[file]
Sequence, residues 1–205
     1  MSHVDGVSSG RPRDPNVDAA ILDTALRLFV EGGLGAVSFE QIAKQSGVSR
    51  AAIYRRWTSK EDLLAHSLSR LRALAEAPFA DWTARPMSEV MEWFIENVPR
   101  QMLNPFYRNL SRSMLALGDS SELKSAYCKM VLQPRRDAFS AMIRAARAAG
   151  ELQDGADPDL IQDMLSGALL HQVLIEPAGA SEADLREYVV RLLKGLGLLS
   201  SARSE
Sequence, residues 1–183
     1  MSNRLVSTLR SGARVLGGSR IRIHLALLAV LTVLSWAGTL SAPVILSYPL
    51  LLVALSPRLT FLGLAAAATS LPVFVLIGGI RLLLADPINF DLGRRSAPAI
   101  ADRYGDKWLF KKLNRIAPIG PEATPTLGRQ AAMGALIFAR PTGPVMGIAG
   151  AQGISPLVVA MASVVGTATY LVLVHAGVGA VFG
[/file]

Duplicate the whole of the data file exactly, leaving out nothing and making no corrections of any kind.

Sequence, residues 1–205
     1  MSHVDGVSSG RPRDPNVDAA ILDTALRLFV EGGLGAVSFE QIAKQSGVSR
    51  AAIYRRWTSK EDLLAHSLSR LRALAEAPFA DWTARPMSEV MEWFIENVPR
   101  QMLNPFYRNL SRSMLALGDS SELKSAYCKM VLQPRRDAFS AMIRAARAAG
   151  ELQDGADPDL IQDMLSGALL HQVLIEPAGA SEADLREYVV RLLKGLGLLS
   201  SARSE
Sequence, residues 1–183
     1  MSNRLVSTLR SGARVLGGSR IRIHLALLAV LTVLSWAGTL SAPVILSYPL
    51  LLVALSPRLT FLGLAAAATS LPVFVLIGGI RLLLADPINF DLGRRSAPAI
   101  ADRYGDKWLF KKLNRIAPIG PEATPTLGRQ AAMGALIFAR PTGPVMGIAG
   151  AQGISPLVVA MASVVGTATY LVLVHAGVGA VFG